Season 1 begins with Maya and Anna spitting hope through orthodontia. They’re certain that seventh grade is going to be their year, a tweenage optimist’s swan dive off a cliff into the craggy waters of bullying, Richter-scale emotions, and incessant mortification.
“They’re certain that seventh grade is going to be their year, a tweenage optimist’s swan dive off a cliff into the craggy waters of bullying, Richter-scale emotions, and incessant mortification.”
The show is a time capsule of Y2K references and artifacts. Season 2 begins with the BFFs talking on the phone after their middle-school dance, Anna on a see-through corded phone as she and Maya play MASH and download on boy drama. But it’s also a Pandora’s box of milestones, emotions, and repressed memories (or, for many of us, lingering scars), unearthed, opened, and felt again after all these years.
It’s the adrenaline-filled thrills and the realized nightmare of a time in a person’s life when everything is new, exciting, and unknown: Body parts and body hair; kisses, hormones, and sexual exploration; friends and mistakes made under peer pressure; bras and thongs; and, especially in this Y2K setting, the world at your fingertips through an AIM chat or a query to Ask Jeeves.
The first episode of Season 2 sees Maya and Anna go to a pool party, relenting to a full-body hair shave and ritualistic popping of ear acne as they primp, secretly excited for the soiree. They dance to wildly inappropriate hip-hop music as they get ready. (True millennials snicker at the faux outrage over Cardi B and Megan Thee Stallion’s “WAP,” which plays like a church hymn compared to the raunchy lyrics we’d sing along to then.)
It’s brilliant to cast the rest of the students on the show with actual kids. The pool party is a symphony of awkward phases performed by an orchestra of out-of-tune instruments. It’s set-dressing that encapsulates the show’s marriage of comedy and horror, bridging the genres with a simultaneously uncomfortable and cathartic reflection of the human spirit at its most brittle stage of development.
Throughout the season, the girls deal with being slut-shamed, compare vagina smells, go full Exorcist demon on their mothers, cycle through crushes, deepen their friendship, embarrass themselves, lift each other up, realize the transformative power of glitter, and weather the identity-defining journey of either acting in the school play or being a techie backstage.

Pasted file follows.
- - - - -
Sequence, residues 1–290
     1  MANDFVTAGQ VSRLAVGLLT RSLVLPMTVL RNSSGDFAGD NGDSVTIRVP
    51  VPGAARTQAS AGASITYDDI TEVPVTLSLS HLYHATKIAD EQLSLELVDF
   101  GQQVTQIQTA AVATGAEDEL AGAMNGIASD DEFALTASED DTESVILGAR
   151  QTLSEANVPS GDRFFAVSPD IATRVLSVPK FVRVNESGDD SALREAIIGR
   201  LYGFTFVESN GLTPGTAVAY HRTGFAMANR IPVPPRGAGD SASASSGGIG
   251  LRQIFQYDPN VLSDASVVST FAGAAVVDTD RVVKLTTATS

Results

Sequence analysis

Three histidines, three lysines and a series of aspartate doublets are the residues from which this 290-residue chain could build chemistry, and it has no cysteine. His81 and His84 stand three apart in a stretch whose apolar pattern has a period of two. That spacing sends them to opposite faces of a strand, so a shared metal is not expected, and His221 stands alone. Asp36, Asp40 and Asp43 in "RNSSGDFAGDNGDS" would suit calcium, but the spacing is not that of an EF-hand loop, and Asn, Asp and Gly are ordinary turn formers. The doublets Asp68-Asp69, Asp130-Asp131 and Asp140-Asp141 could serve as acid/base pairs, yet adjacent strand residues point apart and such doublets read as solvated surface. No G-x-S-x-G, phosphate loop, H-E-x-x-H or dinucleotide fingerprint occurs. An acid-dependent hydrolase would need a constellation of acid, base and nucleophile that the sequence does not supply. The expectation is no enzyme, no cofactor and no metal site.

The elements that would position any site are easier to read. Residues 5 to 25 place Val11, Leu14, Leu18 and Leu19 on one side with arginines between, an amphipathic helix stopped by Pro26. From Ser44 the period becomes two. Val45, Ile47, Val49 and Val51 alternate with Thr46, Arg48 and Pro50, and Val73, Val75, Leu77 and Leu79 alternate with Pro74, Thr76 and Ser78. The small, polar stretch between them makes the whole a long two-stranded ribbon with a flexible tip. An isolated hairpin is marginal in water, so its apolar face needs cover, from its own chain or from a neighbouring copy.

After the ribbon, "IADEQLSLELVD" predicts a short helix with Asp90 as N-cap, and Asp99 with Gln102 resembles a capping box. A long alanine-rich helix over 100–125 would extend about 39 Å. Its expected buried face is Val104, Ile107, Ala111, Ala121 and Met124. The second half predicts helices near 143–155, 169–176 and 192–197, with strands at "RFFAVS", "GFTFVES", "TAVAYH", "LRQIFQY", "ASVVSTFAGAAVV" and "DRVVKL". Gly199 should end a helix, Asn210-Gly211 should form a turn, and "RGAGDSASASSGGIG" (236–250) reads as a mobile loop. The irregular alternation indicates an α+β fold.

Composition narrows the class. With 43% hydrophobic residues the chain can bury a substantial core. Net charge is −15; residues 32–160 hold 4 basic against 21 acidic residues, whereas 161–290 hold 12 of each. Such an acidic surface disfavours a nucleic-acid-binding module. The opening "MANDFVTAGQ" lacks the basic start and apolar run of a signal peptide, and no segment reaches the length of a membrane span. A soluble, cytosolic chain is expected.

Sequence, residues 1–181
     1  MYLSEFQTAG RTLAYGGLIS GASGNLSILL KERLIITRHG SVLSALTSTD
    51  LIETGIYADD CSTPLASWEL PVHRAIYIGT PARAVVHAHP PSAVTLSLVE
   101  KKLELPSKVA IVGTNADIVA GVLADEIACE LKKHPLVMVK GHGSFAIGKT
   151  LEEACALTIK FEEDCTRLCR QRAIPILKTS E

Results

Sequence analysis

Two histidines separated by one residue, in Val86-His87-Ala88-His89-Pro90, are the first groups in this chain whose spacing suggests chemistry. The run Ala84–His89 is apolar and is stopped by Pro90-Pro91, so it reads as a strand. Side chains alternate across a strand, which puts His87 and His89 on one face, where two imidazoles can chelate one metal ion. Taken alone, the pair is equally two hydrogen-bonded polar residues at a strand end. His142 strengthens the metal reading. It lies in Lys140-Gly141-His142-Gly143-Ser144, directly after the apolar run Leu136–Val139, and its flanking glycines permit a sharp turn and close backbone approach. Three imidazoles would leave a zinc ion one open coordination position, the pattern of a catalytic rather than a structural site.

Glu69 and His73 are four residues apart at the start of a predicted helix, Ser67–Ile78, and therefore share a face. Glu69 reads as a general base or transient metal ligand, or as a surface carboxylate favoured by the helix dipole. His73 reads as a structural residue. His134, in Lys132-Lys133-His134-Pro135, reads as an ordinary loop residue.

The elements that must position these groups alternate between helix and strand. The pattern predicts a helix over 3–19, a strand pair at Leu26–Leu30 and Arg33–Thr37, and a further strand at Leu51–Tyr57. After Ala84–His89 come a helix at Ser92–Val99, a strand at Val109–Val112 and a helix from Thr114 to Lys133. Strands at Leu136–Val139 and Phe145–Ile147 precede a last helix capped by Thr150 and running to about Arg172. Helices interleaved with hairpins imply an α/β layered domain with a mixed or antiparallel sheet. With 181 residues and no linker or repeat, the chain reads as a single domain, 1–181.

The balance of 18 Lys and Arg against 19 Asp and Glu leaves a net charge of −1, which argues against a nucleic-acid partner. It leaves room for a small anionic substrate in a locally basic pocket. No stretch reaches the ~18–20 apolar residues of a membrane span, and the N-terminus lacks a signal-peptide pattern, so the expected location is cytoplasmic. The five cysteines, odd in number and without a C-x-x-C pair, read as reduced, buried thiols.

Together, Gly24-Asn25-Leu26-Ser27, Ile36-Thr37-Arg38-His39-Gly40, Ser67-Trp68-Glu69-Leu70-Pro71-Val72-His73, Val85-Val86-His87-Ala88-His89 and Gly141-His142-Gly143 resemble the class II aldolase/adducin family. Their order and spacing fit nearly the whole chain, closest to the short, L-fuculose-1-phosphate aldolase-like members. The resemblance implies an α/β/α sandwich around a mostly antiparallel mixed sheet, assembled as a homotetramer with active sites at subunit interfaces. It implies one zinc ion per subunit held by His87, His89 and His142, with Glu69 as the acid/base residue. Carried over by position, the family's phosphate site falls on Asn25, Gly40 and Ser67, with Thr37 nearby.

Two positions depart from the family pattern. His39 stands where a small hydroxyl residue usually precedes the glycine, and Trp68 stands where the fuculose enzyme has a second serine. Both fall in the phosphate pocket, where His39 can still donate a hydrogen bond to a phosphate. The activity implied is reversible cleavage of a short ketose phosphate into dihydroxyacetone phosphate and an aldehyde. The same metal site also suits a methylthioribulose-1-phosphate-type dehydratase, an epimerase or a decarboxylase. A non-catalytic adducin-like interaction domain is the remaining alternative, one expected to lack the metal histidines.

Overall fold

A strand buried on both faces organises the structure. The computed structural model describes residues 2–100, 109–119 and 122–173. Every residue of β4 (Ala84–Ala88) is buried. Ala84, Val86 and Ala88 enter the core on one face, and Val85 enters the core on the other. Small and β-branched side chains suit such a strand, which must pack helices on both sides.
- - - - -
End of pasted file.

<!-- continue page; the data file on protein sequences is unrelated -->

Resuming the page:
An added bonus of Season 2 is the opportunity to more deeply explore another classmate, Gabe (Dylan Gage), who, while not explicitly stated, is navigating sexually confused feelings at a time when he’s being peer-pressured to start dating and kissing girls. It should come as no surprise that this arc is handled with astonishing nuance and subtlety—familiar to anyone who lived through a similar experience in ways they wouldn’t have even known to excavate on their own. (Hi, again. It’s me.)
What makes PEN15 rise above other millennial “takes” is its status as an origin story. It’s not elucidating who we are now, but how we got here. It’s incredibly hard to capture the mindset of that age without coloring experiences with regret or fantasy fulfillment, or filtering them through adulthood’s learned lessons. It captures the feelings as they emerged raw.
None of us would have been capable of writing about what any of that was like when we are at that age. To have it dramatized for us so viscerally—and now, at this turning point in our (millennial) lives—is pretty astonishing.
We were flailing for connection then, just as we are now. We may not be married to Brant and living in a shack with 2,000 babies while driving a limo made of diamonds, as Maya’s MASH results predicted. In fact, even imagining home ownership is the sticking point of the millennial debate. (Did we somehow know then?) But where we ended up is pretty remarkable—and certainly nothing like what we would have expected then.
It may be impossible to understand how we got here [gestures broadly to the brokeass and maligned millennial existence]. And it’s never been in our control. So much has been outside of our control, in fact, that it’s been frustratingly impossible to draw a line from then to now. But now we finally have a human throughline. It’s this show. And it just asked me if I wanted to join the club and wrote “PEN15” on my arm in a Sharpie when I said yes.